Forgiving oneself for making bad choices is never easy, and I know there are authors and posters on LF who are true experts in the area of self-forgiveness. But let me come at this from an angle slightly different than my usual Lovefraud fare.
It’s often just plain hard to bust a flat-out liar and deceiver. And it’s often suprisingly easy to effectively flat-out lie and deceive. Let me say this again: it’s pretty easy to live a life of deception, making it no big accomplishment to deceive the brightest, most astute, most sensitive people.
Lying and deceiving, and doing them well, even over long, extended periods of time, duping anyone and everyone in the process—again, my point is that it’s not nearly as hard to do as we might tend to think, and so it’s really nothing for the exploiter, however slick or not he may be, to feel especially proud to be so good at. Because fraud, and deception, just aren’t that hard to perpetrate.
And the converse is more important—it’s often really easy to be victimized by liars and deceivers, again highlighting how relatively undifficult it is to lie and deceive effectively, and NOT how dumb one is to fall for the lies and deception.
The truth is that few, if any, of us were raised to enter relationships vigilant for exploiters and imposters; not one of us, I suspect, ever took a formal course in how to identify exploiters and other sundry disguised frauds in the context of “intimate” relationships.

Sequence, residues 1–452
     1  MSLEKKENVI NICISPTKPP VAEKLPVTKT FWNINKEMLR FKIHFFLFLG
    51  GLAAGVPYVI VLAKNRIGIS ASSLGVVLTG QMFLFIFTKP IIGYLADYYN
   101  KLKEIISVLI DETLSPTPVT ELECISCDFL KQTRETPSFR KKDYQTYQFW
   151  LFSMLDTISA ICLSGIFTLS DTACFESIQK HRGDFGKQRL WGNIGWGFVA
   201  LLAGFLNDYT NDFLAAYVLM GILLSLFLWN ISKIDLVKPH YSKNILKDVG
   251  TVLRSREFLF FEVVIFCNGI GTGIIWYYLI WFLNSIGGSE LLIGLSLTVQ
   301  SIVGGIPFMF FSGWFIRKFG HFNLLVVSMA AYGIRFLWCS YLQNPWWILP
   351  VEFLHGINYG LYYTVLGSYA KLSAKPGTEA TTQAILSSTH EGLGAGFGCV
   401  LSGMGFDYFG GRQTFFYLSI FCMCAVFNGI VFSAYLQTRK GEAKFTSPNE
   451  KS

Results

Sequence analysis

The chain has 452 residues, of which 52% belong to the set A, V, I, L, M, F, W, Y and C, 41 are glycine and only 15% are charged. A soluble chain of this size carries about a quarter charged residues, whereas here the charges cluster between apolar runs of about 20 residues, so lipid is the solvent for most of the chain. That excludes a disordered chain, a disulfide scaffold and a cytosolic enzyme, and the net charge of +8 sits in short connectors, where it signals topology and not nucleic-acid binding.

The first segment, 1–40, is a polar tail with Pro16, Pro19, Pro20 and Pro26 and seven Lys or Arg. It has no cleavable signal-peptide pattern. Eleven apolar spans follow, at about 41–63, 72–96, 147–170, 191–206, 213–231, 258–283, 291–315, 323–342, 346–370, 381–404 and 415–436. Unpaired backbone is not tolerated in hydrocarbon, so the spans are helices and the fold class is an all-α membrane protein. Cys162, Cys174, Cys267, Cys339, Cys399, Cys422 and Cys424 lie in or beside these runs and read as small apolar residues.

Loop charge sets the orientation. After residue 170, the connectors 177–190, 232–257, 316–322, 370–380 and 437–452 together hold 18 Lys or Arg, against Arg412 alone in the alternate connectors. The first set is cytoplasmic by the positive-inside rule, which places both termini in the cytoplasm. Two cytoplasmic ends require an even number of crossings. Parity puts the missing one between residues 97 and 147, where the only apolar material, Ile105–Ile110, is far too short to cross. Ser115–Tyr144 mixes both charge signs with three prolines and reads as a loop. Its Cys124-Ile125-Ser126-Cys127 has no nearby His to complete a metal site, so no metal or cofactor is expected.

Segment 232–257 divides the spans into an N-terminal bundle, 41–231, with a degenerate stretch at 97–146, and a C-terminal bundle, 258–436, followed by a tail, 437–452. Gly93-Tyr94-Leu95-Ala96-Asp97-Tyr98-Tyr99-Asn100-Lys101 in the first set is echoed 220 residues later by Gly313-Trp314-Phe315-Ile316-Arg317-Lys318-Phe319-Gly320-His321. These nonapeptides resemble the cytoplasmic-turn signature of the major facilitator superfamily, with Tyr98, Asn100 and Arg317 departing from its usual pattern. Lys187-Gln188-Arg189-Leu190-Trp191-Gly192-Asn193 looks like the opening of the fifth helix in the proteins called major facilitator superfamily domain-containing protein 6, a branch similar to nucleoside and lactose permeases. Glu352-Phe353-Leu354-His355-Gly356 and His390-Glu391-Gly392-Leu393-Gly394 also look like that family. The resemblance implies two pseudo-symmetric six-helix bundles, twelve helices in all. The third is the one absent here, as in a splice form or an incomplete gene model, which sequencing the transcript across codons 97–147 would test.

This just isn’t something any of us goes to school for; it’s not something any of us expects to experience; and so, reasonably, we think we have much better things to do with our limited time than to strive to become experts at imposter-busting.
Seriously, how many of us really want to spend our precious little time in this short life in the paranoid, depressing undertaking to become, if it’s even theoretically possible, skilled at unmasking exploiters?
Sure, there are professions one can enter if this is one’s bag—to bust imposters. But marriage and intimate relationships are not “professions.” We assume, with statistical support behind us, that it’s unlikely that the individual we’ll become (or have become) involved with is likely to be a pathological liar and deceiver.
Of course we know anything’s possible, but it’s still, statistically, a low enough risk not to compel our constant vigilance, anymore than the risk of contracting relatively rare forms of malignant cancers should necessarily compel our vigilance and dread.
Now some pathological liars may be excellent at their exploitation skills, but more often than not they are just good enough exploiters to perpetrate fraud successfully for the reasons I’ve suggested.
Does this abdicate us of our duty to heed signs that may, sometimes, be discernable? Of course not. As I’ve written in prior Lovefraud articles, we want to give ourselves the best chance possible, against odds already stacked against us, to bust deceivers and imposters. And as I’ve written elsewhere, sometimes those signs are present, because many exploiters are really not so good at disguising signs of their venality, and some of them are, in fact, really pretty bad; and sometimes, for many possible reasons, we do a poor, ineffectual job at recognizing and heeding those signs.